Hiring a Qualified Disability Lawyer in Wisconsin
Claimants with representation in Wisconsin tend to be approved in higher percentages, have a need for fewer appeals, and more favorable "dates of onset" (the date the disability is proven to have begun) which can result in higher back pay benefits.
Representation may be through a disability lawyer or a specialized non-attorney disability representative. Many non-attorney reps are former Social Security Administration Claims Specialists and Disability Examiners.
A qualified representative will have a knowledge of Social Security administrative law and procedures, especially with regard to how claims are approved through the Social Security listings and the medical vocational grid rules. A qualified and competent representative or lawyer will also be skilled in the ability to obtain the most relevant case evidence, analyze it correctly, and incorporate it as part of a winning strategy for a claim.
To learn about fees for representation, see: "How do disability lawyers get paid?"
If you are applying for Social Security Disability (SSD) or SSI benefits in Wisconsin you might be wondering if, or when you should involve a disability lawyer in your case. This, in large part, depends on you, and how comfortable you with representing yourself throughout the disability determination process.
Having an experienced disability attorney can certainly make things easier. For one thing, there are usually numerous medical records which must be gathered and submitted to the Wisconsin state disability determination services agency in order to receive a decision on your claim. Physicians are sometimes more likely to respond in a timely manner to requests for medical records when they are submitted by disability attorneys than when the request comes from their patient.
In addition, should your initial disability case be denied, your lawyer will automatically submit an appeal for reconsideration or review to the state disability agency, ensuring that the critical 60-day deadline for filing is met (if you miss this deadline your case is automatically denied and you have no choice but to start all over again with a new claim).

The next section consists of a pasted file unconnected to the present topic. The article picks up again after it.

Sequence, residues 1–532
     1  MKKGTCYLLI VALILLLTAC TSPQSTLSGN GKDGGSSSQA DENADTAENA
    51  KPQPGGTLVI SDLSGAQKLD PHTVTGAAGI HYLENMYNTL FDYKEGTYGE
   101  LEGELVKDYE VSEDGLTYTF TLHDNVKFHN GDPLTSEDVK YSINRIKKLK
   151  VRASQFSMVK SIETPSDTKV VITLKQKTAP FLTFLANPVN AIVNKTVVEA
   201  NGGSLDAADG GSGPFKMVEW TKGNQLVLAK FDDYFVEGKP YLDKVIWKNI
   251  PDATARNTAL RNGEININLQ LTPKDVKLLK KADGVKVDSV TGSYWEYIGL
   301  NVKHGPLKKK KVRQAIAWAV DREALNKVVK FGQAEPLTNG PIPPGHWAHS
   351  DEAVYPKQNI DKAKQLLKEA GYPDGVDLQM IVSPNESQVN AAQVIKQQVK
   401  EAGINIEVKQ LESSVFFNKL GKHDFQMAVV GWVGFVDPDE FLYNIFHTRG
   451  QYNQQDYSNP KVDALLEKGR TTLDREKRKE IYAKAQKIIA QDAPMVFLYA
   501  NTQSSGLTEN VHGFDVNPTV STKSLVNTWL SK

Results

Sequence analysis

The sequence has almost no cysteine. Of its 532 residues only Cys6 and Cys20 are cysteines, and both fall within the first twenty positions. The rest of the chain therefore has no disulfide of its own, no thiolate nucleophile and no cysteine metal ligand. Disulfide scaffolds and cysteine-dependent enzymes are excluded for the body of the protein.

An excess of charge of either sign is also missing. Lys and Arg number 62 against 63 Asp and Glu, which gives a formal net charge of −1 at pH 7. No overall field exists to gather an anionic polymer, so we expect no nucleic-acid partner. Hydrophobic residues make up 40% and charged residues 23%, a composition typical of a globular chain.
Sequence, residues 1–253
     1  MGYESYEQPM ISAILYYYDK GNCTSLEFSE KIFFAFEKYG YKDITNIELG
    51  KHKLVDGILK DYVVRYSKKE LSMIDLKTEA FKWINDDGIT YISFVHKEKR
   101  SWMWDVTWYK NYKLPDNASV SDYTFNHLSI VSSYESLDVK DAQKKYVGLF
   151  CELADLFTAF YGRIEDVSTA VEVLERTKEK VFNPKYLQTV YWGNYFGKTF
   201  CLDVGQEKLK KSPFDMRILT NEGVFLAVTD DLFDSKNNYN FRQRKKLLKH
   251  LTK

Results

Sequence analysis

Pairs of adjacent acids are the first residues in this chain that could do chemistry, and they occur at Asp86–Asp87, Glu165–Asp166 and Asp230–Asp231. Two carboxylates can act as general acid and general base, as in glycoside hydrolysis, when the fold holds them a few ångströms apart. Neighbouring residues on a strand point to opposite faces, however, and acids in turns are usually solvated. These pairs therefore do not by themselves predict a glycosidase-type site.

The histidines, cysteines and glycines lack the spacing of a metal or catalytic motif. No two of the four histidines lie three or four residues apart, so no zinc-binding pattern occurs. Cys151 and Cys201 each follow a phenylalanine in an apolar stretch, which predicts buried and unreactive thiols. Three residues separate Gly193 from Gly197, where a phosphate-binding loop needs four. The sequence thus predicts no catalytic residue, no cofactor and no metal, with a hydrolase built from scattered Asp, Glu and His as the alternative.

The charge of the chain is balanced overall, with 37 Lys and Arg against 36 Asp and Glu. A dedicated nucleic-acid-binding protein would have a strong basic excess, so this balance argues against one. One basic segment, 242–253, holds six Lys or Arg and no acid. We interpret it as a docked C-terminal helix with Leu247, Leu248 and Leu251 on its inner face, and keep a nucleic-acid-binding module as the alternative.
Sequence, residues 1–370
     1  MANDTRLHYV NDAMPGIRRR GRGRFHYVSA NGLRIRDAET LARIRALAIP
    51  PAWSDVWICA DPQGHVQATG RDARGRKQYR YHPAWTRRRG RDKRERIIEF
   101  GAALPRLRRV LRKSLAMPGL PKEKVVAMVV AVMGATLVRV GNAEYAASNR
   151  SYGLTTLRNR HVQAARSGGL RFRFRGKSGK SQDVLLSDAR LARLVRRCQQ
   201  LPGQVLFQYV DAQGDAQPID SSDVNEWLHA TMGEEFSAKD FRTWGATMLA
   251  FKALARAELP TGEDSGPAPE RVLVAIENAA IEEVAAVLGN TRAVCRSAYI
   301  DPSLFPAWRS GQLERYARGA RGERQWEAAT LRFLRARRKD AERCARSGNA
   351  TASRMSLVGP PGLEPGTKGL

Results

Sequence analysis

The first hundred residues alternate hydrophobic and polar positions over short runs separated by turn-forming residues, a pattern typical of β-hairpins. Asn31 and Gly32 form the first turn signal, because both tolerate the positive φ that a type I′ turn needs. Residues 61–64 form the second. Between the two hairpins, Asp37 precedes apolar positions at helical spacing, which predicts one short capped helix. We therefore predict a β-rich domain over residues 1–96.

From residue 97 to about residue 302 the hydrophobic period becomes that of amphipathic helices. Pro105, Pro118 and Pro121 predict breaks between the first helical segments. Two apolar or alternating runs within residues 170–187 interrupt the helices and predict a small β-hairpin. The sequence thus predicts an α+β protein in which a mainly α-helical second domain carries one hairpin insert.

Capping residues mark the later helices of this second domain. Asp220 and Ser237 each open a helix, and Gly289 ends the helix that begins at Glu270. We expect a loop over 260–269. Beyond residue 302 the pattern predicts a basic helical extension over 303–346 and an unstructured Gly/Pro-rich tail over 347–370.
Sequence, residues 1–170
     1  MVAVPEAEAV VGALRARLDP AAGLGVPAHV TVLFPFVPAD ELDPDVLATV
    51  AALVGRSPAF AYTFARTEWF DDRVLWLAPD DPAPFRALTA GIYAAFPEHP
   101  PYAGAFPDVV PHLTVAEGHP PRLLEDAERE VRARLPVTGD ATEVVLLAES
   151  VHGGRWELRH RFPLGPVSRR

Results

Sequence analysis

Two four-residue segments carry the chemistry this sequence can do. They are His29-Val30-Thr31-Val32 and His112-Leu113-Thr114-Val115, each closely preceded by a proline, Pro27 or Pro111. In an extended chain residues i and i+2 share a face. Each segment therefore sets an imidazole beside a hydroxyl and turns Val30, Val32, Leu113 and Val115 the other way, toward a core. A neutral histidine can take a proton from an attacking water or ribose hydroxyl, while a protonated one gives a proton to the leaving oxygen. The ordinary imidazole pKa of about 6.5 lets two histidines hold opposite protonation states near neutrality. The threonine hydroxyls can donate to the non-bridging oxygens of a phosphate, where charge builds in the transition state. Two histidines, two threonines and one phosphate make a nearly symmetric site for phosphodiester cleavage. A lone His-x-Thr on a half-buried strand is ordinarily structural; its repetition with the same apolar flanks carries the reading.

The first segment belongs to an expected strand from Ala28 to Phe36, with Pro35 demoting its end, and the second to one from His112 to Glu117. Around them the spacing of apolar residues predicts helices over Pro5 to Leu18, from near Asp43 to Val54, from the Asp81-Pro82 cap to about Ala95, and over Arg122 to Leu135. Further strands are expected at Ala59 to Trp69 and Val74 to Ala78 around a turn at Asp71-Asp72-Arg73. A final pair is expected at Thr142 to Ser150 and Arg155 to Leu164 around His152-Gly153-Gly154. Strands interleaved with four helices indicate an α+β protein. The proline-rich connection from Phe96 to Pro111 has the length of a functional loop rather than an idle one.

However, many disability lawyers will not become involved in a disability case unless both the initial case and the reconsideration appeal have already been denied. This is often because they feel that their services are most helpful at the second appeal, which involves a hearing before a federally appointed administrative law judge (ALJ).
Certainly, there can be little doubt that legal representation can mean the difference between winning and losing your case before a disability judge. Studies have shown that, while only 40 percent of disability cases in which claimants represent themselves before the ALJ are successful, more than 60 percent of disability cases in which claimants had legal representation before the judge were approved.
An attorney specializing in SSD and SSI matters is simply more knowledgeable and better prepared to present an argument for disability benefits to a judge, in a way that is both persuasive and legally sound, than a claimant who is unfamiliar with the disability determination process and the criteria that must be met to meet the social security administration's definition of an ongoing, debilitating medical condition.
So, when should you contact a disability lawyer if you are filing a Social Security Disability case or SSI claim in Washington state?
The best answer is, really, whenever you feel it is necessary. If at any point you are feeling overwhelmed by the process or are unable to advocate strongly for yourself, do not hesitate to get a disability lawyer involved. However, if your claim and appeal has been denied by disability determination services, you should definitely see an experienced disability attorney, because appearing before an administrative judge without legal representation could really hurt your case.
About the Author: Tim Moore is a former Social Security Disability Examiner in North Carolina, has been interviewed by the NY Times and the LA Times on the disability system, and is an Accredited Disability Representative (ADR) in North Carolina. For assistance on a disability application or Appeal in NC, click here.
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